For the recent ISS Book Review Forum on October 24, scholars from the area were invited to review and discuss the latest of ISS publications, MisReading America: Scriptures and Difference (2013). Edited by Vincent L. Wimbush, MisReading America is a collection of essays emerging from a three-year research project sponsored by the ISS; original research reports were presented at a conference in 2009.
Cheryl Walker (Scripps College) chaired the forum. Invited respondents included Jennifer S. Hughes (UC Riverside), David K. Yoo (UCLA), Love Sechrest (Fuller Theological Seminary), and Amanda J. Lucia (UC Riverside). The text of the formal reviews presented at the forum will be published in the Spring 2014 edition of the ISS newsletter. To watch video, click here
Some ISS assistants reflect on the discussion that MisReading America generated.
What would it look like to think of the United States as a "scriptural" formation? What if we tabled, for a moment, the various analytic categories we equip ourselves with? How might we go about studying the larger cultural formations of nation, creed, race and gender? In other words, how do we, as scholars, get out of our own way in our analysis of these problematic terms: "religion," "America," "fundamentalism"? There is, to put it lightly, no easy way. The thematics and politics of our fully vested intellectual interests make these questions problematic, if not actually dangerous to our various careerist aspirations.
MisReading America is an attempt to flank these interests, to find the loose ends, and let them speak for themselves. In one way or another, each of the scholars invited to the Forum did just that; they signaled their own readings--their own politics of the book--positioning themselves in a larger disciplinary formation, sometimes on the fringe, and sometimes in the middle. Whether it was Professor Amanda Lucia's troubling over the work's apparently Protestant preoccupations, or Professor Love Sechrest's very personal engagement with the work's wider political implications, MisReading America invited its own readings and misreadings. The exchange was lively, and at times provocative and contentious, which is what one hopes to find at an academic round table--something of import being grappled.
It was a privilege and a pleasure for me to attend this past book review forum. Interestingly, Professor Hughes connected the theme with what is happening in the “pueblo” in Latin America, but the audience questioned her proofreading of the text at hand. Dr. Yoo as a cultural scientist critiqued the vocabulary used in the work while laying out some remarks related to ethnicity and religion to which the author(s) has/have to pay attention. Professor Sechrest invited the editor to reconsider the subtitle of the book: “Scriptures and Difference,” because “Scriptures” here could be too broad or too narrow at the same time. Dr. Wimbush clarifies what he meant by “scriptures,” and who we are: fundamentalists, but that a firm handle on the meaning of “Signifying Scriptures” and “Scripturalization” remains to be grappled with. Professor Hughes supported a lot of the claims that were made by those who spoke before her. It was striking to hear Mrs. Walker remark that her students at Scripps College do not really know the Bible. I think that orality is still powerful in our culture; it would not leave those kids exempt of the phenomenon (knowledge gained through oral sayings). Even if they don’t talk about it, they have heard some of the biblical stories in one way or the other. I would recommend this book to any lover of the academia.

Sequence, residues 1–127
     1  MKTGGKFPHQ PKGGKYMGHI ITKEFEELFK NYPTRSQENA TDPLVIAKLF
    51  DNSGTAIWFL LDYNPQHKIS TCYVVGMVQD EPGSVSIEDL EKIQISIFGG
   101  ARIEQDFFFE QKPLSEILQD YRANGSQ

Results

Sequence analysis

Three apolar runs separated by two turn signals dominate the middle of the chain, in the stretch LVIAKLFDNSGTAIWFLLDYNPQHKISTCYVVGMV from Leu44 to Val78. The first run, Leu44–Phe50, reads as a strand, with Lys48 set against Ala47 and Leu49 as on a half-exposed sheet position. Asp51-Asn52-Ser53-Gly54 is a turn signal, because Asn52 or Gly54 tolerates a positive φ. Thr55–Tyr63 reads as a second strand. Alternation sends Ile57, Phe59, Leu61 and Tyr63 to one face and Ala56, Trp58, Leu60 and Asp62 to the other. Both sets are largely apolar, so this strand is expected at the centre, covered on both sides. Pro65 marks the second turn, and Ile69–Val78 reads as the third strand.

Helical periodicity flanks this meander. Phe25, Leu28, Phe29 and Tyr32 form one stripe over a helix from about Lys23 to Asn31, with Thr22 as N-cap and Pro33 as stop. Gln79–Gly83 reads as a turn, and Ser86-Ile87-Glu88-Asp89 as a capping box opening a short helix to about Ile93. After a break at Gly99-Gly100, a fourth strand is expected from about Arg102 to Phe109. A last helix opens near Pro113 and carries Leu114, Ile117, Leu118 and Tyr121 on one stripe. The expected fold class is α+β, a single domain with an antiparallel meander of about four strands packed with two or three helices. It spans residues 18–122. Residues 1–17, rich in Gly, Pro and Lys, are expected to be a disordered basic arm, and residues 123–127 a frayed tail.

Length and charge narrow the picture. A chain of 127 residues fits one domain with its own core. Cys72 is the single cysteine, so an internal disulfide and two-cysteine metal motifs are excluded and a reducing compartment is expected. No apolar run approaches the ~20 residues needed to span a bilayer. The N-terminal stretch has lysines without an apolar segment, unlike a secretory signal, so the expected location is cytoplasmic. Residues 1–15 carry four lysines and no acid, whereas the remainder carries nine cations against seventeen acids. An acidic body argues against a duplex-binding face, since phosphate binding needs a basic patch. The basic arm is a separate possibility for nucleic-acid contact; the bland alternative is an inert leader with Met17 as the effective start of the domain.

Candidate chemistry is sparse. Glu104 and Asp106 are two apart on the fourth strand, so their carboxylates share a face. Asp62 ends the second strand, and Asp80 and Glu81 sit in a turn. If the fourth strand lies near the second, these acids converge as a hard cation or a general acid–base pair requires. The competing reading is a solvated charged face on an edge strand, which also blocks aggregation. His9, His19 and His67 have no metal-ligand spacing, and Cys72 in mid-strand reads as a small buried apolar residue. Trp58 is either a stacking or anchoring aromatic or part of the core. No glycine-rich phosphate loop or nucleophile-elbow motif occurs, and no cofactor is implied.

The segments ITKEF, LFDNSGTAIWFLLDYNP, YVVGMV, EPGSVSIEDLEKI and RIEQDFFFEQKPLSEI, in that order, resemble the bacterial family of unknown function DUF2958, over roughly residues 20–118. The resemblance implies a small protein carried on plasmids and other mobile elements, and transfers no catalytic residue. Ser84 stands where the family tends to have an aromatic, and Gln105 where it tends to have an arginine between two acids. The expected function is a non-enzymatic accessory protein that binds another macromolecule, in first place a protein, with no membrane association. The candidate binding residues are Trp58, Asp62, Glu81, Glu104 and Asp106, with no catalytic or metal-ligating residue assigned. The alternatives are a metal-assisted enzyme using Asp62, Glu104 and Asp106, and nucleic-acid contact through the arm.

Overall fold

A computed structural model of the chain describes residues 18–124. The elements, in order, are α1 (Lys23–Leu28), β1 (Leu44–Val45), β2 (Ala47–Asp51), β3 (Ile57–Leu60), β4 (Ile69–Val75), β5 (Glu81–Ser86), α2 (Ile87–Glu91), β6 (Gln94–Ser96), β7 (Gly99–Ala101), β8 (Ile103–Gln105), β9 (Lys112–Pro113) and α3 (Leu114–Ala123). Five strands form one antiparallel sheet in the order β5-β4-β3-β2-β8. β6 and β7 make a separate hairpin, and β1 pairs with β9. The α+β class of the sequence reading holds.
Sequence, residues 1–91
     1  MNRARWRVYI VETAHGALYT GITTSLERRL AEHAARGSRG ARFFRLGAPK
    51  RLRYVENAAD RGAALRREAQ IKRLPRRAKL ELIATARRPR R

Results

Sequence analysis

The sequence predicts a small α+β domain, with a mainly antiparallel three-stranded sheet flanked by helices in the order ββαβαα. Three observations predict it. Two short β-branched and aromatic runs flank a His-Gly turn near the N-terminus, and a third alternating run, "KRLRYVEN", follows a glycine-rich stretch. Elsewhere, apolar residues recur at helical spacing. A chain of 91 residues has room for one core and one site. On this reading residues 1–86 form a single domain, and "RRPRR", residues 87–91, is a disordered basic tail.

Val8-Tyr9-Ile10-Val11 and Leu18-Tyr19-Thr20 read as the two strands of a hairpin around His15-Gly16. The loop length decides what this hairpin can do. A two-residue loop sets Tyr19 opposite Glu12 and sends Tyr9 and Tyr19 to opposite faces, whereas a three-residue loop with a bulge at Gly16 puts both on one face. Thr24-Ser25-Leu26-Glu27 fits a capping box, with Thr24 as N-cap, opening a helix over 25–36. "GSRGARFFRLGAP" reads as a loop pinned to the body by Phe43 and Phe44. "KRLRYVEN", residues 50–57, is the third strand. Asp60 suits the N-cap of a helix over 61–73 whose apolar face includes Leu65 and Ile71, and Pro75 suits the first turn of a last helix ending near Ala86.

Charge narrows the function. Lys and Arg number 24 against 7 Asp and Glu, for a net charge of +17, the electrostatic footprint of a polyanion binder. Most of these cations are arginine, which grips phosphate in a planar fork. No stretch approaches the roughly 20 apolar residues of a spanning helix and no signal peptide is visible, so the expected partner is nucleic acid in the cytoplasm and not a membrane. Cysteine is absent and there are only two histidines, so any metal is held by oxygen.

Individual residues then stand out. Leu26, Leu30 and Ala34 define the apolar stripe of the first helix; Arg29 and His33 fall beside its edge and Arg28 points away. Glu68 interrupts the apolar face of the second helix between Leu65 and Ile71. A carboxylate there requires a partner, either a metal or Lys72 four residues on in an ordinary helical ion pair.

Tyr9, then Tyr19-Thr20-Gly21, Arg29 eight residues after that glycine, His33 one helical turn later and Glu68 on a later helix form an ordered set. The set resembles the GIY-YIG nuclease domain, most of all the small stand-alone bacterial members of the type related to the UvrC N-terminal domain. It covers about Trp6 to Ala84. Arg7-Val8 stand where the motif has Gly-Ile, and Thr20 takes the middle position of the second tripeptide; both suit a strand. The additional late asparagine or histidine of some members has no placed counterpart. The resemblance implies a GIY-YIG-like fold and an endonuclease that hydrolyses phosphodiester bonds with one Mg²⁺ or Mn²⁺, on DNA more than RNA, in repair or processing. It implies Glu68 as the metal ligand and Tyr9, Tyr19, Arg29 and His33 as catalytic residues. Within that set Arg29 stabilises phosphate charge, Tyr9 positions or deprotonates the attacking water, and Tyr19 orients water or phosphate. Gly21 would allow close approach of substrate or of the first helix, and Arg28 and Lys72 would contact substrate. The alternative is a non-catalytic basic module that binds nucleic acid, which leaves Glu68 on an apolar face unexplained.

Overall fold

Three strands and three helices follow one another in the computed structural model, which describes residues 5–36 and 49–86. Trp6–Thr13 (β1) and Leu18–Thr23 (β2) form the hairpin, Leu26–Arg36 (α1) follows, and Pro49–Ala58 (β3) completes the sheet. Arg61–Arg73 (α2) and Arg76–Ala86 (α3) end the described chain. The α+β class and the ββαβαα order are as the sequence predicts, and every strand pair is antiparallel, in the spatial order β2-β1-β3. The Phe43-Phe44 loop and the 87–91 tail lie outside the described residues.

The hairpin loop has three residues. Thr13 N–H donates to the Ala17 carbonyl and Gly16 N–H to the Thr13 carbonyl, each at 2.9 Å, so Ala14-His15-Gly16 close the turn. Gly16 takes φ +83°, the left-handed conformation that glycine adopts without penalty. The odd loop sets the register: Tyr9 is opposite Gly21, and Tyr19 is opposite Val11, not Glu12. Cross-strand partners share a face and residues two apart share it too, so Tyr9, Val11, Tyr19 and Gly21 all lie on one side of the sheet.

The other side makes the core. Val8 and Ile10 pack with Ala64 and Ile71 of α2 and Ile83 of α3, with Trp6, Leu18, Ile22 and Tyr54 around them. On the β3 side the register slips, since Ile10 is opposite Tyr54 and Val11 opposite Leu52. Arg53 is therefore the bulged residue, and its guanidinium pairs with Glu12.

Dr. Lucia's insights regarding the prevalence of essays on Christian scripturalizing practices within the text coalesced with Dr. Sechrest’s insights relative to the diverse ideologies of scriptural authority within “fundamental” Evangelical traditions. Together they provoked a reconsideration of my identity both as a new scholar and as a person of faith in the Academy. It requires a re-orientation as I stand in the margins of the secularized Academy to consider myself “fundamentalist” in any way— though arguably the secularized Academy remains “fundamental” in its programs and curriculum, particularly in the study of religion. The book and the forum discussion provided an opportunity to critically reconsider the socio-political implications of my own scripturalizing practices, and to appreciate both identity and marginalization as relative. Immigrants who convert to Christianity (or become hyper-religious) in order to be seen as good Americans, might reasonably view me as member of a fundamentalist America. Faith identities, it seems, are inevitably structured and restructured, oriented and re-oriented in order to negotiate belonging and navigate success within dominant regimes be they nations, religious traditions, or academic institutions.
The forum could easily have spiraled into a showcase of expertise or contests of erudition. Instead the discussion centered around the asking of better questions about reading scriptures and difference. Each respondent shared a visceral concern for how to interrogate the human effectively and ethically. And all were invested in learning from the exchange. This last point should not be overlooked, for it speaks volumes about the discourse spurred by the ethnology's contributions and contributors.